This week’s guest columnists are Dr. Jacob Sellers and Dr. Anna Malesky, Family Practice Residents at the University Hospital and Clinics here in Lafayette.
Imagine this. Your teen has been experiencing months of headaches, dizziness and fatigue. You’ve been to countless doctors, had blood tests and EKGs, and finally she has a diagnosis. “We don’t know exactly how it happens,” this last doctor explains, “but untreated, there’s a 1 in 10 chance it could be fatal.” Your heart sinks. Bad news continues: “It will take many months, even years, for your daughter to fully recover. She should be admitted to the hospital now to start treatment.” The diagnosis: Anorexia, a psychological illness that’s more common than you’d think.
Anorexia is an “eating disorder,” wherein the teenager sees themselves as overweight, and goes to extremes to lose weight. Even when skinny, anorexic teenagers still think they need to shed more pounds. Their intense fear of weight gain leads to severe dieting, purging through vomiting or laxative use, and calorie burning through vigorous exercise. Anorexia has the highest death rate of any psychiatric disorder, about 10%.
Bulimia is the other common eating disorder, consisting of uncontrollable overeating, followed by distress and guilt. This leads the teen to purge by vomiting, laxative use, and extreme exercise. Eating disorders affect girls ten times more than boys, and these girls tend to be intelligent and capable, enabling them to achieve life-threatening feats of weight loss.
These kids rarely seek help- they want to lose that weight. Parents can miss the early warning signs too, being so busy with their jobs and other kids. Teens often have vague complaints that mimic other common illnesses- headaches, fatigue, dizziness, abdominal pain. They also have behavior changes that are passed off as normal teen “phases”- moodiness, wanting to be alone, body image concerns, frequent trips to the bathroom. More obvious changes are noticeable weight loss, wanting to eat alone, and only eating at certain times. Affected kids will refuse to eat favorite foods, not eat at restaurants, and not eat at holiday gatherings where the rest of the family is stuffing themselves. If you notice these signs, get your child to their doctor for a weight check and evaluation.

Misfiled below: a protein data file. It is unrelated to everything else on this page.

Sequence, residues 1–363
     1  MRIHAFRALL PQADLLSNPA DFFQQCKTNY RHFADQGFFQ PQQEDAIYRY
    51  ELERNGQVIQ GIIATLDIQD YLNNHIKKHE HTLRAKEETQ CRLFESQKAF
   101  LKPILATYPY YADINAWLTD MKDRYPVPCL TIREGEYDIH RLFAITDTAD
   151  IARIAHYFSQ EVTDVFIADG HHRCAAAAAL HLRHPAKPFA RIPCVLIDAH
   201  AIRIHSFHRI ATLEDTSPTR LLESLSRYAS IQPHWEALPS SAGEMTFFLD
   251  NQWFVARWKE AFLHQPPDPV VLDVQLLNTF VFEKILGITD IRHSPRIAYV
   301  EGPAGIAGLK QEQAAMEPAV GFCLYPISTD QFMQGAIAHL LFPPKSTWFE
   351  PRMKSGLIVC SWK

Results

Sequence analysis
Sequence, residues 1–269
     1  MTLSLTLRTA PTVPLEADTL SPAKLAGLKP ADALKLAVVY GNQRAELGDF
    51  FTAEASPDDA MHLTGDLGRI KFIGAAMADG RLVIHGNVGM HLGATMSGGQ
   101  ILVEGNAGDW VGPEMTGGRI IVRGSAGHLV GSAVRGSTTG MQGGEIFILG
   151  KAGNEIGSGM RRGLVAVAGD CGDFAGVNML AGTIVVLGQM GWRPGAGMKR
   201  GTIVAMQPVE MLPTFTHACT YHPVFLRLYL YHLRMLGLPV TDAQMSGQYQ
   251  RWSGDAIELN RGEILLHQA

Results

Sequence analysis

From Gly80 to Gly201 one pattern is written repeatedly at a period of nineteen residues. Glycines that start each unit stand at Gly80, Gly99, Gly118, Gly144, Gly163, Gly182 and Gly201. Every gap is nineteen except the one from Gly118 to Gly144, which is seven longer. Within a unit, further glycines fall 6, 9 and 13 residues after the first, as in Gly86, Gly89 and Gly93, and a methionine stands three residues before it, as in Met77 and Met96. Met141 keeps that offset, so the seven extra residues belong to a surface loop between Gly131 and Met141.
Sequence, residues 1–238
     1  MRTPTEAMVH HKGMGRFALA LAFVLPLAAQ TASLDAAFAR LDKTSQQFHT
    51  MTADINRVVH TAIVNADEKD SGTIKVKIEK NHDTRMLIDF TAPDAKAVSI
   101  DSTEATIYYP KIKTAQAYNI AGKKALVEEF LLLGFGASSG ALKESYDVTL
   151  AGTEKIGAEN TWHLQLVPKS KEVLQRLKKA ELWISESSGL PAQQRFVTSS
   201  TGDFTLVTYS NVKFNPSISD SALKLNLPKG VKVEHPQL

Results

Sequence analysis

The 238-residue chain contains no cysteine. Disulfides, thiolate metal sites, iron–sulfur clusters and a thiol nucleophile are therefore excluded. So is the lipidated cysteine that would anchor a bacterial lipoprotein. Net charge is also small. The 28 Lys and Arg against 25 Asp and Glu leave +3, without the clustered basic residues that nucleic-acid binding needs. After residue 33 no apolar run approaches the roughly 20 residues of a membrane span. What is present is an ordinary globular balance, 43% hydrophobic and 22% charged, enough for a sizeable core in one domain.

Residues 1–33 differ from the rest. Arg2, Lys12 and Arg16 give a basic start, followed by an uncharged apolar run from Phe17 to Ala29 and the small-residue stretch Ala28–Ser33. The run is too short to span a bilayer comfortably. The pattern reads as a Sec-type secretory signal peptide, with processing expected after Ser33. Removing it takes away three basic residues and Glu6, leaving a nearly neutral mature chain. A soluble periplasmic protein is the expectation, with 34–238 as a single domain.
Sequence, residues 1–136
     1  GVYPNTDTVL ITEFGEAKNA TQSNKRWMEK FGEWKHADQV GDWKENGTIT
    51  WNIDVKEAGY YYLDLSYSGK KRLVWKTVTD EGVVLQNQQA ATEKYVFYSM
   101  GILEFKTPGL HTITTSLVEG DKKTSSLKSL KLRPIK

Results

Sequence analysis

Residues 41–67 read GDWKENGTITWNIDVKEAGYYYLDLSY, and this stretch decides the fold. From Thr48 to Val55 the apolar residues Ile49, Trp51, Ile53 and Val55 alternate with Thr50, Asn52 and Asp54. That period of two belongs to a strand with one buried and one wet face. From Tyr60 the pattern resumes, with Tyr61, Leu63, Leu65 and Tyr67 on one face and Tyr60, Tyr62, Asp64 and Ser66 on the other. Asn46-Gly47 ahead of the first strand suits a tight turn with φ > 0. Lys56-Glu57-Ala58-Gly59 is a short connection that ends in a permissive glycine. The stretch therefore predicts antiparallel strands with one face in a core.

Teen girls are more susceptible to eating disorders, because mass media has always shown the ideal girl to be skinny. TV, movies, and even Barbie dolls depict girls with unrealistic proportions, leading kids to have unrealistic expectations for their own body image. Thus one facet of eating disorders, where even skinny girls still perceive themselves as overweight.
Social media has complicated the issue with the rise of blogs and websites that encourage eating disorders. These websites, often called “Pro-Ana” for anorexia promotion and “Pro-Mia” for bulimia, aim to support kids with this behavior by putting a positive spin on it, providing “thinspiration.” They post tips on how to vomit, how to dose laxatives most effectively, how to think about food to make it less appetizing, and most darkly, how to hide this behavior from parents.
Like we mentioned above, teens rarely seek help for eating disorders. Often they hide it so that no one interferes with their weight-loss efforts. However, these behaviors can be life-threatening: 10% of anorexics will die if untreated. Anorexia became a much better known illness after the famous singer Karen Carpenter died of heart failure at age 32 as a result of her weight loss. Eating disorders can cause dehydration, heart arrhythmias, low blood pressure, slow heart rate, and low temperature.
Thus it’s important to be vigilant for the signs of eating disorders. If your teen seems to be getting skinnier and skinnier, get her seen. But some signs are often passed off as healthy activities, like dieting and exercise. Other signs can be attributed to teen “phases,” like moodiness and wanting to be alone. Physical symptoms include always being cold, dizziness and fatigue, and headaches. Starvation also leads to thinning hair, brittle nails, dry and discolored skin, and loss of menstrual cycles. Like we mentioned above, red flags are peculiar eating habits, like only eating at certain times, wanting to eat alone, or not eating with everyone else at restaurants or holiday gatherings.
These are difficult illnesses to treat. The sooner you recognize your teen’s eating disorder and get her evaluated, the more successful the treatment, and the likelier you’ll be to save her life.